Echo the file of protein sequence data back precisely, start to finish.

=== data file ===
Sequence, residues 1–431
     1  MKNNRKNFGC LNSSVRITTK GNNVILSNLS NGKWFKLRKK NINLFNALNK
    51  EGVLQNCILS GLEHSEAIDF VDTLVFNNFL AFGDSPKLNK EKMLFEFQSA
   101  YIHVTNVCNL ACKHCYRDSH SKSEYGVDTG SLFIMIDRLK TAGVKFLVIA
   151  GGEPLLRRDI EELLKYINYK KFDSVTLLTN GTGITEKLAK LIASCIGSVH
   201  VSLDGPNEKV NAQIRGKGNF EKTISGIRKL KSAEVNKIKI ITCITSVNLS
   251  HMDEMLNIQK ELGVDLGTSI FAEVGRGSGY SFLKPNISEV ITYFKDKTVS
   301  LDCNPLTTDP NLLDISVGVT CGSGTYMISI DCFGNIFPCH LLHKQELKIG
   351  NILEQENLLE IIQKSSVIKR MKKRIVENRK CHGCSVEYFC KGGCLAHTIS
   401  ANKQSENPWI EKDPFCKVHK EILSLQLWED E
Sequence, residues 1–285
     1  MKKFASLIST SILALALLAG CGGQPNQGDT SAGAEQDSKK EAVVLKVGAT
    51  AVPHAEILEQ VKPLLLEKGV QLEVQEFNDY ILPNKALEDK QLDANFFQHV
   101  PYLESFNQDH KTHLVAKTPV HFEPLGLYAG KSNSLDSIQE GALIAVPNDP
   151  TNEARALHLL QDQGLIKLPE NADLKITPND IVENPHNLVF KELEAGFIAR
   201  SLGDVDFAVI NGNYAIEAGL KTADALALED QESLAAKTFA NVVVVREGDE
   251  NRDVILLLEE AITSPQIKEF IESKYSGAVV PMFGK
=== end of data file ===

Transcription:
Sequence, residues 1–431
     1  MKNNRKNFGC LNSSVRITTK GNNVILSNLS NGKWFKLRKK NINLFNALNK
    51  EGVLQNCILS GLEHSEAIDF VDTLVFNNFL AFGDSPKLNK EKMLFEFQSA
   101  YIHVTNVCNL ACKHCYRDSH SKSEYGVDTG SLFIMIDRLK TAGVKFLVIA
   151  GGEPLLRRDI EELLKYINYK KFDSVTLLTN GTGITEKLAK LIASCIGSVH
   201  VSLDGPNEKV NAQIRGKGNF EKTISGIRKL KSAEVNKIKI ITCITSVNLS
   251  HMDEMLNIQK ELGVDLGTSI FAEVGRGSGY SFLKPNISEV ITYFKDKTVS
   301  LDCNPLTTDP NLLDISVGVT CGSGTYMISI DCFGNIFPCH LLHKQELKIG
   351  NILEQENLLE IIQKSSVIKR MKKRIVENRK CHGCSVEYFC KGGCLAHTIS
   401  ANKQSENPWI EKDPFCKVHK EILSLQLWED E
Sequence, residues 1–285
     1  MKKFASLIST SILALALLAG CGGQPNQGDT SAGAEQDSKK EAVVLKVGAT
    51  AVPHAEILEQ VKPLLLEKGV QLEVQEFNDY ILPNKALEDK QLDANFFQHV
   101  PYLESFNQDH KTHLVAKTPV HFEPLGLYAG KSNSLDSIQE GALIAVPNDP
   151  TNEARALHLL QDQGLIKLPE NADLKITPND IVENPHNLVF KELEAGFIAR
   201  SLGDVDFAVI NGNYAIEAGL KTADALALED QESLAAKTFA NVVVVREGDE
   251  NRDVILLLEE AITSPQIKEF IESKYSGAVV PMFGK